MARKLAND SAGAS AND OTHER HISTORY TRIVIA (March 11/08)

The little rail line that operated between Kingsport and Kentville beginning in 1890 was incorporated as the Cornwallis Valley Railway. Marguerite Woodworth, in her Dominion Atlantic Railway history, refers to the line as the Cornwallis Valley Railway. Internet historian Ivan Smith, Canning, also calls it the Cornwallis Valley Railway, as do numerous historical sources, so it appears that this is the correct name for the line.

However, the dean of Kings County historical writers, Arthur W. H. Eaton in his county history, calls the little railroad the Central Valley Railway, inferring that it was incorporated as such.

Possibly this was an error by Eaton and I mention it because it’s interesting historical trivia. I often find odd things like this in historical books and documents and I collect them. I call this stuff historical trivia, or things I found while looking up something else. Here are a few from my file.

In a journal entry dated February 28, 1871, Henry Alline rails against horse racing in Horton. “This day I went from Cornwallis to Horton, and O how I was grieved to see a vast crowd of people at horse-racing.” (From The Journal of Henry Alline, 1982 Lancelot Press edition edited by James Beverley and Barry Moody). Alline doesn’t indicate where in Horton Township the racing took place, but possibly it was in or near present day Wolfville.

The Markland Sagas, a book examining the Viking presence in Nova Scotia, and the possibility they may have landed in several parts of the province, was written by C. H. L. Jones and Thomas H. Raddall, and privately published in the early 1930s. (Mentioned in the book To Nova Scotia written in 1934 by T. Morris Longstreth.) In this connection, Longstreth mentions the so-called Runic Stone with its mysterious inscriptions that was found in Yarmouth.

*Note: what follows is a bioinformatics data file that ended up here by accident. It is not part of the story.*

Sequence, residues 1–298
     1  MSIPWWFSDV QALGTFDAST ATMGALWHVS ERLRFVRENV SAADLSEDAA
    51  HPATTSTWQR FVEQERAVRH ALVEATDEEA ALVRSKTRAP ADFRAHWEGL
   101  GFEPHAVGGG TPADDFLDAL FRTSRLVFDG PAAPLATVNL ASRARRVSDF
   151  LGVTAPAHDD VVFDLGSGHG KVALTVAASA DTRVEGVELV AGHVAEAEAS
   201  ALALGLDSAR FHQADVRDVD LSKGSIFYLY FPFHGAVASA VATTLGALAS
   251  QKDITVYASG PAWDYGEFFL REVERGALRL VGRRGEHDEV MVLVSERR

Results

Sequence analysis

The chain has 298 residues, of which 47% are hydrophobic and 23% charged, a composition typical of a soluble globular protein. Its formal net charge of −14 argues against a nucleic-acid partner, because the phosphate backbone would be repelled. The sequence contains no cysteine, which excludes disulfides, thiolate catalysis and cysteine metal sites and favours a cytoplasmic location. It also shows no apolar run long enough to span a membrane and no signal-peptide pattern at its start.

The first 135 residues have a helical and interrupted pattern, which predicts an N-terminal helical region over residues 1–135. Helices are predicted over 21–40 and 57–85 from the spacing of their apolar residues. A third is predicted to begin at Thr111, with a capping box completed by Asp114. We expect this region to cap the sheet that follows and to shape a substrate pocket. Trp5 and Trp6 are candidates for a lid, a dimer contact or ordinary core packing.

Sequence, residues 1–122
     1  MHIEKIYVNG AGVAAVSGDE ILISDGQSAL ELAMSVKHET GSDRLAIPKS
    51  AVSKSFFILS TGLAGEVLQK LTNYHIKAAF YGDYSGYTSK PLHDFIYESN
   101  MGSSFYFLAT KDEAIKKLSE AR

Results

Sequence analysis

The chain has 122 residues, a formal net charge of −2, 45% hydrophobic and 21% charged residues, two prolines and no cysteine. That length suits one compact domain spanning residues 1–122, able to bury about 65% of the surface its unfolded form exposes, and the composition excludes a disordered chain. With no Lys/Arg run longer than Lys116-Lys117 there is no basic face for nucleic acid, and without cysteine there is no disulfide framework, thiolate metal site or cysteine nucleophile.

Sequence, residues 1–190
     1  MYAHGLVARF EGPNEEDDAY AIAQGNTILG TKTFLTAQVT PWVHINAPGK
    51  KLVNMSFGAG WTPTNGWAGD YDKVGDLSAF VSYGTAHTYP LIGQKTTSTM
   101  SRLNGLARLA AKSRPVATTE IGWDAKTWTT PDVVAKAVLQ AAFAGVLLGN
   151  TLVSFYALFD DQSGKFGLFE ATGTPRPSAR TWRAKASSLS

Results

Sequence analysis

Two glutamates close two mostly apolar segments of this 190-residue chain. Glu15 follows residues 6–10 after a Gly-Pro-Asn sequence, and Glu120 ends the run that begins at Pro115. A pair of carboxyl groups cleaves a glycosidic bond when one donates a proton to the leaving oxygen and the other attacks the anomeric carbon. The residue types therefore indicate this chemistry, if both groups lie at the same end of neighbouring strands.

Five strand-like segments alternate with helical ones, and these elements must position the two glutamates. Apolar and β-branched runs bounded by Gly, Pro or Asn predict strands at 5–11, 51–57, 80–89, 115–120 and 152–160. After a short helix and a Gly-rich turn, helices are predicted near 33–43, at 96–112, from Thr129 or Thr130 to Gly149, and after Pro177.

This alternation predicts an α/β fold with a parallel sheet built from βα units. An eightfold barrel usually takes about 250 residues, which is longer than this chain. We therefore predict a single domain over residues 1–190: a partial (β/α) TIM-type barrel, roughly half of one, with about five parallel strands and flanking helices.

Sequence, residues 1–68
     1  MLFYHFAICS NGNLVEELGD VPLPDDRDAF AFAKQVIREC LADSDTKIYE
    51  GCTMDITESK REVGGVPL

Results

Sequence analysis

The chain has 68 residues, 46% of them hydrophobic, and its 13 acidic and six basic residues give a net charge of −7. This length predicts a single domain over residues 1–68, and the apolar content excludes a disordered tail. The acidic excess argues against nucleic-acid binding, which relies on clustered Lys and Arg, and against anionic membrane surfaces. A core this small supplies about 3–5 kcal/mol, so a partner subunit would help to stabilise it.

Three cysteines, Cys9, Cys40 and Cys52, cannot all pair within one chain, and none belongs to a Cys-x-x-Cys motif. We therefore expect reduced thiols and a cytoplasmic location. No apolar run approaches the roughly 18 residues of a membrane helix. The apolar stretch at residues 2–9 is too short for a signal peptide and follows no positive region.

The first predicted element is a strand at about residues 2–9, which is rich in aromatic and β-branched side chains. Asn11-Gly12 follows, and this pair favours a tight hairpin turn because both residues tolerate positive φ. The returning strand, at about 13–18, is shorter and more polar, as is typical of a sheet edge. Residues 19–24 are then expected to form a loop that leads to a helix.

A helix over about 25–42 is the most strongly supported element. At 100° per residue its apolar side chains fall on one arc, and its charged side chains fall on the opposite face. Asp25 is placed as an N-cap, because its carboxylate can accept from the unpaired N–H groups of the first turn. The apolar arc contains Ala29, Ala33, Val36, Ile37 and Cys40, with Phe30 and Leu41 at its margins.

Now here’s an aside our folks with Scottish ancestors will appreciate. Quoting from Norse documents, the authors of The Markland Sagas write that when Vikings explored what may have been Nova Scotia, they sent “Scottish slaves” ashore to check out the land. Does this raise the possibility that the Scots were the first people to set foot in North America?

On the early name for Kingsport, folklore has it that it was Indian Point. For anyone wondering if this is fact or fiction, here’s a quote from an unpublished paper on the Planters written in 1961 by Ernest Eaton: “Indian Point, an old name for Kingsport, is mentioned as the location of Lot 16, granted to Benjamin Newcomb.”

Many towns, villages and county communities were known by different names in earlier times. In his papers, for example, Ernest Eaton writes that the community adjacent to Kentville, South Alton, was once known as Moores Mills.

From Ernest Eaton as well, I found that Saxon Street, near Canning, was once called Washington Street. I’ve found Saxon Street designated as Washington Street on older maps. I’ve never found Bently Path on old maps, but Ernest Eaton says this was an even earlier name for Saxon Street/Washington Street.

Anyone interested in knowing where the first court house was built in Kings County? “I preached this day at the court-house in Horton,” Henry Alline wrote in his Journal on May 5, 1781. In a footnote, the editors say Alline preached at the “Meeting house in Horton, built in 1763, (which) was also the court house.” This was located at “what is now the Old Baptist Burying Ground, Wolfville.”

Later, in 1767, a meeting house or church was built at Chipman’s Corner (Arthur W. H. Eaton) and Alline would have preached there as well. Eaton says that nearby, close to where Middle Dyke road meets Church Street, an Acadian church once stood. I find it odd that the Acadians and Planters selected Chipman Corner as the site for a church.

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